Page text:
Nearly 15,000 HR professionals and business leaders packed the Grand Ballroom at McCormick Place in Chicago for the official kickoff of SHRM 2013. The event, fittingly, began in true Chicago fashion with a lively rendition of Soul Man, complete with dark shades and sharp fedoras.
Dr. Fareed Zakaria at SHRM 2013
Once the performance was over, the real show was officially on. Dr. Fareed Zakaria, world-renowned author and journalist, took the stage to deliver the Opening General Session speech, which proved to open eyes just as much as it opened the conference.
“If you look around the United States, there is a sense of unease. This feels like a very slow recovery from a very deep recession. Nobody quite knows where we’re headed,” he said.
But the feeling is not limited to the United States. It is a universal one that transcends borders, continents and languages.
“In Europe,” Zakaria said, “…they’re just wondering whether the whole continent is going to collapse.”
Even countries like China, Brazil and India – all recent economic stalwarts and beacons of growth – have experienced sharp slowdowns of their own. Zakaria urged the attendees not to lose hope.
“There is a case for optimism,” he said. That optimism stems from history.
From the Great Depression to the Great Recession, economic trouble is nothing new. In fact, it is to be expected. On the positive side, recovery is to be expected as well. Every period of decline has been followed by a period of growth and, Zakaria insisted, we will recover from the recent recession as well.
However, there is something different about the plight of the economy today. Up until 1990, every recovery had been swift, with GDP and unemployment numbers reaching pre-recession levels within six months of one another. In 1990, on the other hand, it took a full 15 months for the unemployment rate to recover after GDP had stabilized. After the recession of the early 2000s, it took 39 months. As for the current economic recovery, Zakaria said that it will take a full 65 months for unemployment rates to reach pre-recession levels after GDP finally achieves pre-recession levels.
So what’s causing this negative trend? Zakaria believes that the very nature of the economy has changed and, as a result, the cyclical nature of recovery has changed, too.
This change is evident in three major ways:
- There are more countries participating in the global market: The world’s economy, once dominated by the United States and Western Europe, is now truly global. The International Monetary Fund predicts that, in 2013, nine of the ten fastest-growing economies in the world will not come from the West, but from other regions (the one exception is the United States). By 2018, the IMF projects that emerging markets will account for 55 percent of the world’s gross domestic product.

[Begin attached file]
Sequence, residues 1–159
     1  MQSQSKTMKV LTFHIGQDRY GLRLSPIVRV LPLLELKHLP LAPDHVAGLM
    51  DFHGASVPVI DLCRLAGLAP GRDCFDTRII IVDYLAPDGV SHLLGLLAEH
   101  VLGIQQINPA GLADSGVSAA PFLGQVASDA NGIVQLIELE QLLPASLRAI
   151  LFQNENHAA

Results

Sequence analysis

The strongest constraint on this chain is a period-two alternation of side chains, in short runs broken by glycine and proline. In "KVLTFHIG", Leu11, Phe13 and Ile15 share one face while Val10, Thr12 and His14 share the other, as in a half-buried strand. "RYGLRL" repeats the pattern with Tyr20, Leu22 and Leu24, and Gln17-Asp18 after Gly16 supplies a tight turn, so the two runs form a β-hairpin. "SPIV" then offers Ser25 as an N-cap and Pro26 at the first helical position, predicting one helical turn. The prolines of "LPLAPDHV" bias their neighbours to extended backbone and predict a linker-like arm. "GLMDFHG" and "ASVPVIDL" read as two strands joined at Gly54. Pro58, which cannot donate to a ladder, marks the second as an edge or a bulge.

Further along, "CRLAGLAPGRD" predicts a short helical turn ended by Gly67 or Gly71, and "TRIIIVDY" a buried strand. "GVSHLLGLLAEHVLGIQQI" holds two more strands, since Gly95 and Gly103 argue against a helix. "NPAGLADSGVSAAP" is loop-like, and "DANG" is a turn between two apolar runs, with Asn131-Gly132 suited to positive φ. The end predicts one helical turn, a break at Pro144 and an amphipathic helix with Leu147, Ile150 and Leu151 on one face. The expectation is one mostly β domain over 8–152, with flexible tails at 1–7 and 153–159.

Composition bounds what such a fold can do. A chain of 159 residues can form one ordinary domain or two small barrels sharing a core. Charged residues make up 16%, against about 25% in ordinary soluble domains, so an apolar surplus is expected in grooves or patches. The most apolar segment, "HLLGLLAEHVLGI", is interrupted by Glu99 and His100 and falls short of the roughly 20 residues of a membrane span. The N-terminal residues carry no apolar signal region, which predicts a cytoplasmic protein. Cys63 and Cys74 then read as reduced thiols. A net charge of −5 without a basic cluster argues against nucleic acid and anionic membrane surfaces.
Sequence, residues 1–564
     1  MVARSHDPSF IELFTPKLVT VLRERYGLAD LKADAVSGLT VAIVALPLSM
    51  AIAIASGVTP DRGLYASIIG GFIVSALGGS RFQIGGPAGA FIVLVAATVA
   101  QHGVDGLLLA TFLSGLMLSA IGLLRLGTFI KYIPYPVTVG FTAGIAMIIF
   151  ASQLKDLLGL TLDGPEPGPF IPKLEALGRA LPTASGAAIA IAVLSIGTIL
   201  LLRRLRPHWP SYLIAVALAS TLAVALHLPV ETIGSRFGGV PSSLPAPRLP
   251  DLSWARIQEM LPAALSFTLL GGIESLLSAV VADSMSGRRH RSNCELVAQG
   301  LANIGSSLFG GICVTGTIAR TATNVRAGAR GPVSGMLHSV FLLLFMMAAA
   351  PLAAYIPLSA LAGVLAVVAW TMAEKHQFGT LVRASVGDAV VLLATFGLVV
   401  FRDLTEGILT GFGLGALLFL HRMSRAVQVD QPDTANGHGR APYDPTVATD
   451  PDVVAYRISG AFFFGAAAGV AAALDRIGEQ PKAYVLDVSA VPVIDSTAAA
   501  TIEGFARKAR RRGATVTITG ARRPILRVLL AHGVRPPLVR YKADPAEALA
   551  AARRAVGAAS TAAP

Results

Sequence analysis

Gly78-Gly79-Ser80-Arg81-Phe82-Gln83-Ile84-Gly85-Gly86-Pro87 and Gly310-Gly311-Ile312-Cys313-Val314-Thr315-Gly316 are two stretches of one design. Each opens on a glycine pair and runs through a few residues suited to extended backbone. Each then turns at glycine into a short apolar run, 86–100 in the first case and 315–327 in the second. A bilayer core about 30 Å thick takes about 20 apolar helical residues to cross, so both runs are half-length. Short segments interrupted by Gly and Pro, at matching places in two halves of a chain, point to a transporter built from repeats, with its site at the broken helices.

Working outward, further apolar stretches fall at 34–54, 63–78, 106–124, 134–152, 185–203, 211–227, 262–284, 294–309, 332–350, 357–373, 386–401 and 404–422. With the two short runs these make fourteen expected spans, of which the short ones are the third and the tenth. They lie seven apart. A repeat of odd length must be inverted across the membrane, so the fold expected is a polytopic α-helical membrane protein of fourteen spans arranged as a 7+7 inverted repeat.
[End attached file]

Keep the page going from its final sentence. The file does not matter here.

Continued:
- There is more competition: With more countries in the market, there is more competition for money. The pool isn’t getting smaller, it’s just getting rerouted.
- We are in the age of information: Information is available in an instant, and people from all over the world can connect to it at their convenience.
In short, the scope of what we think of as “the economy” has changed.
“Dozens and dozens of countries around the world that had been locked out of the global economy have found a way to plug in and play, to take advantage of the economic convergence and the technological advances to grow the standards for their people and grow their economies, and that process is producing economic dynamics in new areas of the world,” Zakaria said.
Just because the economy is growing increasingly global doesn’t mean it can’t grow domestically, too. The key to growth is embracing and fostering a culture of lifelong learning, and HR professionals can play a critical role in making it happen.
“Learning is now a lifelong occupation,” Zakaria said. “You can’t just train somebody and have them take a test at 18 and assume they will be ready for the rest of their life.”
He urged business and HR leaders to work with their peers in government and education to create a nationwide learning and training initiative. That’s how our economy can raise the most important piece of capital overall – human capital.
“The twenty-first century is going to be the century of human capital,” Zakaria concluded. “Human capital is going to be what separates the great companies from the not-so great companies, and it’s going to be what separates the great countries, too.”
Hillary Clinton at SHRM 2013
Zakaria left the stage to a resounding round of applause, but the noise level – and the excitement level – reached a fever pitch when the next keynote speaker took the stage.
Hillary Clinton, former Secretary of State, former First Lady and current champion of civil rights and equality, began her presentation by thanking the HR community for its contributions to the economic recovery and the country as a whole.
She commended HR for supporting communities, for helping veterans return to the workforce, and for assisting those who lose homes and jobs get back on their feet.
HR professionals can play an essential role in America’s success, and in our country’s ability to succeed in this rapidly changing world economy.